Yes, actually! Each flour manufacturer mills their flours differently. A whole grain gluten-free flour in one brand may be much more finely ground in another and this will impact how your finished baked good turns out. This means that 1 cup of one brand may way significantly different than 1 cup of another. For that reason, I recommend getting a kitchen scale and baking by weight to avoid any issues you may have in flour brand differences (also it’s so much quicker than measuring by cups!).
I’ve tested this pumpkin cake with all Bob’s Red Mill flours, of which I have an entire shelf in my cabinet lined up alphabetically.
More pumpkin gluten-free Thanksgiving desserts to make this fall!
I prepared my neighbors that they should expect nightly dessert from now the end of the year. While you’re making your Thanksgiving plans, here are a few of my favorite pumpkin gluten-free Thanksgiving desserts for inspiration. Of course, be sure to check out the #VirtualPumpkinParty for more recipe ideas!
- Hazelnut pumpkin chocolate chip cookies
- Almost no-bake pumpkin cheesecake mousse pie
- Pumpkin black sesame mochi cake
- Pumpkin tapioca pudding with candied pumpkin seeds
- Pumpkin pie rice crispy treats
- No-bake vegan black sesame pumpkin pie bites
- Pumpkin spice muffins with cinnamon cream cheese glaze
Disclosure: Special thanks to Bob’s Red Mill for providing the flours shown above and sponsoring this post! And thanks to you for supporting the companies that keep Snixy Kitchen cooking!
Gluten-Free Pumpkin Cake
- ½ cup + 2 tablespoons (97g) Bob's Red Mill millet flour
- ½ cup + 1 tablespoon (68g) Bob's Red Mill gluten-free oat flour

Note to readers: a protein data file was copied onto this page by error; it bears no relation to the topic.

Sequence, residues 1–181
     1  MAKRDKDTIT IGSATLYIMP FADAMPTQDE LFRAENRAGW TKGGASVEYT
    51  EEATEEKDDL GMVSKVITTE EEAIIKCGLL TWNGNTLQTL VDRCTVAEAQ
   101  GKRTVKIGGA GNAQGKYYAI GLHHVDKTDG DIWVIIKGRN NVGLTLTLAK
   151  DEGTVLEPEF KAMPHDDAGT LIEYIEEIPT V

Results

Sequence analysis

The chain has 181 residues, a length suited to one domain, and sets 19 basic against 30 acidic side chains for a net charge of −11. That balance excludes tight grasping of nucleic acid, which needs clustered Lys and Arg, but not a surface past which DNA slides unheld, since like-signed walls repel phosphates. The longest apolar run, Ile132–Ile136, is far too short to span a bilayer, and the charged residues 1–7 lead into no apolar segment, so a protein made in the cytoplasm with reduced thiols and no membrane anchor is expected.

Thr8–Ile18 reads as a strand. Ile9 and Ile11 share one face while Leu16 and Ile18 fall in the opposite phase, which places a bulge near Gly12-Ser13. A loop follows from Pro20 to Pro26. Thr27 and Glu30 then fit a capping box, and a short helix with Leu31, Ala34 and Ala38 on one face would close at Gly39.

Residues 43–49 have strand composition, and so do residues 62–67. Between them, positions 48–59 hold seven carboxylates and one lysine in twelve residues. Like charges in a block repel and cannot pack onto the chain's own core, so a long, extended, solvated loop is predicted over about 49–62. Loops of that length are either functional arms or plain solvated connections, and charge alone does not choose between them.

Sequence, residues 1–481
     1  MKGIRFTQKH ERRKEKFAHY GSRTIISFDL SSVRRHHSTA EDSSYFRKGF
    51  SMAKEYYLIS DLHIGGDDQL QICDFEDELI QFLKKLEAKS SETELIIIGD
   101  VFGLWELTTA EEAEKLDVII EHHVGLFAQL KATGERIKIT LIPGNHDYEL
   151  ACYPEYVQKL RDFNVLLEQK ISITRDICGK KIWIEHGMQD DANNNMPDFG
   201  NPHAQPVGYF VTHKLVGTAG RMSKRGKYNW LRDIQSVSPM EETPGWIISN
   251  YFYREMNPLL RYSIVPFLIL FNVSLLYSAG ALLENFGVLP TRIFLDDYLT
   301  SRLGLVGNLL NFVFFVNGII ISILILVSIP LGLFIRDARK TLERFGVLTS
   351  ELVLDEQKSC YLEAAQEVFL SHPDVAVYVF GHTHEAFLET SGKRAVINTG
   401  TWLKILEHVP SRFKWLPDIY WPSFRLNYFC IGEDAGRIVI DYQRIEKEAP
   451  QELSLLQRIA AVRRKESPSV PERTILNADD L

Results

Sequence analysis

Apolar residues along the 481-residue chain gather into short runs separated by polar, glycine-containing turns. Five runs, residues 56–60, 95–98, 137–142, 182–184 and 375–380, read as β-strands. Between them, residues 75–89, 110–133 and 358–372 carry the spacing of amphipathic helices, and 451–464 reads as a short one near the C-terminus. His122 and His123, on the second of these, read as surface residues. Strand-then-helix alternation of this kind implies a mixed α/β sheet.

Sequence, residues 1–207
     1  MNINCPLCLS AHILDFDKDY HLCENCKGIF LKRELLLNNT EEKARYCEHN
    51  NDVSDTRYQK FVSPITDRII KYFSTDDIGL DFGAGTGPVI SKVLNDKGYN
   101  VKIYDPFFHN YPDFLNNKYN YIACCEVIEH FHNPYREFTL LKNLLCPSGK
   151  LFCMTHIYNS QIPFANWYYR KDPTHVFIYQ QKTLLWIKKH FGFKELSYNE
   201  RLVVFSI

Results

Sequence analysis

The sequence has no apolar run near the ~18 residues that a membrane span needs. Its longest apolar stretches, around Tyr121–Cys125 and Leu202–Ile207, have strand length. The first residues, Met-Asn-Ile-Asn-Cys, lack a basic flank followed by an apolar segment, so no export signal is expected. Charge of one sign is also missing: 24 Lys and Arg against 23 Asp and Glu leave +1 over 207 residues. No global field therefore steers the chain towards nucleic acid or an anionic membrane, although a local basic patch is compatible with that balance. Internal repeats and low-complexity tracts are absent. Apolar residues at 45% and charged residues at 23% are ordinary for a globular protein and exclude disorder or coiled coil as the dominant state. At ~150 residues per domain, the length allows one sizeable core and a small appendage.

- ½ cup (81g) Bob's Red Mill sweet rice flour
- ½ teaspoon Bob's Red Mill xanthan gum
- 1½ teaspoons baking powder
- ½ teaspoon baking soda
- 1½ teaspoons cinnamon
- ½ teaspoon ground ginger
- ¼ teaspoon ground nutmeg
- ⅛ teaspoon ground cloves
- ½ teaspoon salt
- 1 cup pumpkin puree (not pumpkin pie filling)
- ½ cup dark brown sugar
- ¼ cup cane sugar
- 1/4 cup vegetable oil
- 2 large eggs, room temperature
- 1 teaspoons pure vanilla extract
- ¼ cup milk
Salted Caramel Frosting
- 4 oz cream cheese, room temperature
- 1/4 cup unsalted butter, room temperature
- 1/4 cup caramel sauce (store-bought or homemade recipe below)
- 1/2 teaspoon vanilla extract
- 1 cup powdered sugar
- 1/4 teaspoon salt
- Optional: Candied pecans for topping
Homemade Caramel Sauce (makes 1/2 cup)
- ½ cup + 2 tablespoons cane sugar
- 1/4 cup water
- 1/2 cup heavy cream
- 1 tablespoon unsalted butter
- ¼ teaspoon kosher salt
Gluten-Free Pumpkin Cake
- Preheat the oven to 350ºF. Lightly grease the bottom and sides of an 8-inch round baking pan with oil. Line the bottom with a round of parchment paper.